Oxpeckers against domestic, wild animals’ diseases

This video from Botswana is called Outstanding Closeups of Red-billed Oxpeckers, Pete’s Pond, January 24, 2010.

The red-billed oxpeckers which this story is about are relatives of the yellow-billed oxpeckers which I saw in the Gambia.

From Wildlife Extra:

Red-billed oxpeckers released into South Africa’s Mokala National Park

Birds will help protect wild and domestic animals from pests
October 2012. 21 red-billed oxpeckers have been released into South Africa’s Mokala National Park. The birds were captured in Limpopo by the Endangered Wildlife Trust (EWT) and released into a cage at Stofdam in the park, close to the bird hide. After they were acclimatised to their new surroundings, they were released from the cage on 30 September 2012. They were seen shortly afterwards on Kudu and Warthogs.

Disappeared due to livestock medication

The Red-billed oxpecker was prevalent in the greater Kimberley area about 60 years ago, but due to the use of dips and treatments for overseas cattle breeds, they disappeared from the region. According to Deon Joubert, manager of Mokala National Park, the birds have been re-introduced into the area because they once occurred there naturally, they are beneficial to mammals (livestock and game) as they help keep ticks and external parasite populations on the animals under control. Their main food source is ticks, including the larva and the adult.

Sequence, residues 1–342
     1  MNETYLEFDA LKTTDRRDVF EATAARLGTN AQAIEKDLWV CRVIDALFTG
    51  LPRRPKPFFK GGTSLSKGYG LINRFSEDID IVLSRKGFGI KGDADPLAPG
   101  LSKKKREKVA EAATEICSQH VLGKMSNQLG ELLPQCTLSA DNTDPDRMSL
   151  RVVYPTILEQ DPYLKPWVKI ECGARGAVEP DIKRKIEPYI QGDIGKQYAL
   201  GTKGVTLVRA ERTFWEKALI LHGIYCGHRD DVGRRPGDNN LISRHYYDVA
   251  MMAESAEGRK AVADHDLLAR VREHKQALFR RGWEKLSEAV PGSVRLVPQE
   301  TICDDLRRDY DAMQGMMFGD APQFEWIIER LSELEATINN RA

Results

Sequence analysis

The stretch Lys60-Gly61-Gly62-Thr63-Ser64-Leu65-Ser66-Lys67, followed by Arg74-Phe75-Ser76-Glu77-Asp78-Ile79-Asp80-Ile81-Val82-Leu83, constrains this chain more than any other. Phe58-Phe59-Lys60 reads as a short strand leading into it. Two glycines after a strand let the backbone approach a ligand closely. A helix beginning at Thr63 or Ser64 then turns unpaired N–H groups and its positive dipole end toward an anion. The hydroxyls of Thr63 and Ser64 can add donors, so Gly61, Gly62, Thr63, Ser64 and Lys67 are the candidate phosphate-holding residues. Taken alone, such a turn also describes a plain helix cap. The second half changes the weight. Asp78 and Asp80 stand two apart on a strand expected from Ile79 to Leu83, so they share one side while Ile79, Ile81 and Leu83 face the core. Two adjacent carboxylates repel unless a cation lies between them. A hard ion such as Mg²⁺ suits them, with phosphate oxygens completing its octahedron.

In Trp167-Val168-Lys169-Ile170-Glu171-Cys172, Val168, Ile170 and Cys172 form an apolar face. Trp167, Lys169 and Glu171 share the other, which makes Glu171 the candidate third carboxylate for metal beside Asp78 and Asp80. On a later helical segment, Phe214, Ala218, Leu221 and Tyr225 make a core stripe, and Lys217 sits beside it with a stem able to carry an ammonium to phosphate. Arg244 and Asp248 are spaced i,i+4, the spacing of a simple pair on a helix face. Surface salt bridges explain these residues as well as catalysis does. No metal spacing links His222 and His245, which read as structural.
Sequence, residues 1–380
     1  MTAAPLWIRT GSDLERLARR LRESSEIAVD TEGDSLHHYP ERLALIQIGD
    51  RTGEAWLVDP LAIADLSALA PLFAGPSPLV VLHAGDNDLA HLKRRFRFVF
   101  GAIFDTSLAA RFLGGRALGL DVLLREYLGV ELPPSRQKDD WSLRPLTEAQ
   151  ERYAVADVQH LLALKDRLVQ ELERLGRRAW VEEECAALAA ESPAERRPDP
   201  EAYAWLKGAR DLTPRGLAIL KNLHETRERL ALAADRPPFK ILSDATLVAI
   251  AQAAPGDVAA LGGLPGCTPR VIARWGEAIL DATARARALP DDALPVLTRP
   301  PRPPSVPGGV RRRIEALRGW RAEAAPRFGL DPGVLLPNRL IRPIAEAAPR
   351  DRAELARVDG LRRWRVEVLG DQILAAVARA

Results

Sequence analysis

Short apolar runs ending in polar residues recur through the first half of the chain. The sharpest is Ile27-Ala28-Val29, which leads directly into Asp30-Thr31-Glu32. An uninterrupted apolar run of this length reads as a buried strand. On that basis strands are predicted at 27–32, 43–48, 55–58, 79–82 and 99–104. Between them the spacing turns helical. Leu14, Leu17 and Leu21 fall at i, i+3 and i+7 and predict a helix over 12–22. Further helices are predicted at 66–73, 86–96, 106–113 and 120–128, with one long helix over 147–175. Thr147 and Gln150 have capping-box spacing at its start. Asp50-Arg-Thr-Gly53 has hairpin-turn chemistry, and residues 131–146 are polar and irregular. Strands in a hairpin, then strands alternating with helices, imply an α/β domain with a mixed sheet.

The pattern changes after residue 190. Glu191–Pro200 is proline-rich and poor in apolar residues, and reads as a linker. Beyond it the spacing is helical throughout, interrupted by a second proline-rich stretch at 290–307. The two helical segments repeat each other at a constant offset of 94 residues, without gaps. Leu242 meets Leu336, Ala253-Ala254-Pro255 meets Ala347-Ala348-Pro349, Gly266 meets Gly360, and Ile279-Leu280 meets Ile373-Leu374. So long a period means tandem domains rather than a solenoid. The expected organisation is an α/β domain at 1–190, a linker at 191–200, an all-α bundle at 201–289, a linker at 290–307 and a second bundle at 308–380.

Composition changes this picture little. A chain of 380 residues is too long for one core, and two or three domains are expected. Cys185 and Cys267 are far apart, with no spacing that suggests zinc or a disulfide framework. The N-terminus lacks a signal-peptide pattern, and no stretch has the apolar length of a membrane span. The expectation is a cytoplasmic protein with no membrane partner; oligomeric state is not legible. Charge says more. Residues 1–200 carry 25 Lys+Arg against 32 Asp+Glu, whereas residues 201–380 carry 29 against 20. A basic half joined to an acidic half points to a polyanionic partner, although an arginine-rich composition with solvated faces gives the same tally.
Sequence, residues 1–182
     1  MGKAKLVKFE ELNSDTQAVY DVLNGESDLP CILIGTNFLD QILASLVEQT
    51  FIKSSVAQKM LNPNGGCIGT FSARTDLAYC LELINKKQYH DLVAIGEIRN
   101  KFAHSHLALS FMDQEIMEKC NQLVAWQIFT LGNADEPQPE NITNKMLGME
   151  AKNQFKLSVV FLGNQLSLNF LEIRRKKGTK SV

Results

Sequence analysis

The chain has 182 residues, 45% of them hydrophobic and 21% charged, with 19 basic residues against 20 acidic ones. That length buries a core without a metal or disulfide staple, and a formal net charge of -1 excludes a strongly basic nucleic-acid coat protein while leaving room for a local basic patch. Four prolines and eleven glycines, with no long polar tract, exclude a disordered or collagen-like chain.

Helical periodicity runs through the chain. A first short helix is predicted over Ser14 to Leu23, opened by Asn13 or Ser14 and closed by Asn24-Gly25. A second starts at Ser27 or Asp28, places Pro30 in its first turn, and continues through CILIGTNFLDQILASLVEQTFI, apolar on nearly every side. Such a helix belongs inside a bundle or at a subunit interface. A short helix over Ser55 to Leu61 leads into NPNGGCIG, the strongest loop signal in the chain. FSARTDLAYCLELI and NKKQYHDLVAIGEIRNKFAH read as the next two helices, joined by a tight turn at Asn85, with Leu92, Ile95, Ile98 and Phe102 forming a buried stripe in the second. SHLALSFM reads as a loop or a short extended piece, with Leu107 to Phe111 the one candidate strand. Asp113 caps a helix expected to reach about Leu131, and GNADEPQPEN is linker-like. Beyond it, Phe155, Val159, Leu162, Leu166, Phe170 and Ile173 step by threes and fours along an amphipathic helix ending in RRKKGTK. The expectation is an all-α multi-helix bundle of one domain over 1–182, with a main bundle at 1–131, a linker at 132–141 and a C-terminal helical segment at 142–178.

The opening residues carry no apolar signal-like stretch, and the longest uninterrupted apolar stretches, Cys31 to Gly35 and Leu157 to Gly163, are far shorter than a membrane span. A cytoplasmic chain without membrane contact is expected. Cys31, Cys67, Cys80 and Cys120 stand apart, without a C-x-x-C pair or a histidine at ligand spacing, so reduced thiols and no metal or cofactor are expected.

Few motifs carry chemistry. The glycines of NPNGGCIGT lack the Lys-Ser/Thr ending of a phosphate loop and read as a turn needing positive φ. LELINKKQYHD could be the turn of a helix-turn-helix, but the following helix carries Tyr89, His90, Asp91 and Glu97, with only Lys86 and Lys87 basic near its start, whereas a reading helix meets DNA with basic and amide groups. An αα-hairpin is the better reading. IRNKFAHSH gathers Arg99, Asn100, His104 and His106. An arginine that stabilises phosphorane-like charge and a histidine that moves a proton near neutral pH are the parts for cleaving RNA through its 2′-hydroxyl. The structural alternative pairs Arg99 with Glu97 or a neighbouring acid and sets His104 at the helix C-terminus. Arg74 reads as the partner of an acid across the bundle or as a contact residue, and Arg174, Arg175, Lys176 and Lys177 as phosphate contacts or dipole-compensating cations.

Joubert said “they will contribute to protecting the disease free buffalo in Mokala National Park from sickness, reduce the external parasite numbers on animals in neighbouring farms and help get the biodiversity back to the way it was before.”

Visitors are encouraged to help with the monitoring of the birds by reporting sightings at Mokala National Park’s reception.

The operation was undertaken by South African National Parks (SANParks) and The Endangered Wildlife Trust (EWT)

Red-billed oxpeckers also keep animals’ wounds clean and remove rotting flesh and insects from the wounds.

1 thought on “Oxpeckers against domestic, wild animals’ diseases

  1. Pingback: Oxpeckers warn black rhinos against danger | Dear Kitty. Some blog

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